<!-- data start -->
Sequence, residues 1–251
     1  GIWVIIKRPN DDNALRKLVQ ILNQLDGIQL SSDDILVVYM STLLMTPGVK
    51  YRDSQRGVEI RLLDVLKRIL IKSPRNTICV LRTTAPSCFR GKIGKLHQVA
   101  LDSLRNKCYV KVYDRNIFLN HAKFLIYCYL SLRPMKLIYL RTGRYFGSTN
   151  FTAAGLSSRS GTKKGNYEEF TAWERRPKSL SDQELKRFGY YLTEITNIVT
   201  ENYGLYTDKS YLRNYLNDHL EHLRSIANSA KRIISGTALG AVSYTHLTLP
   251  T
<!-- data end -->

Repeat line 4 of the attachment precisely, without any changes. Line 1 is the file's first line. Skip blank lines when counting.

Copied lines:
   101  LDSLRNKCYV KVYDRNIFLN HAKFLIYCYL SLRPMKLIYL RTGRYFGSTN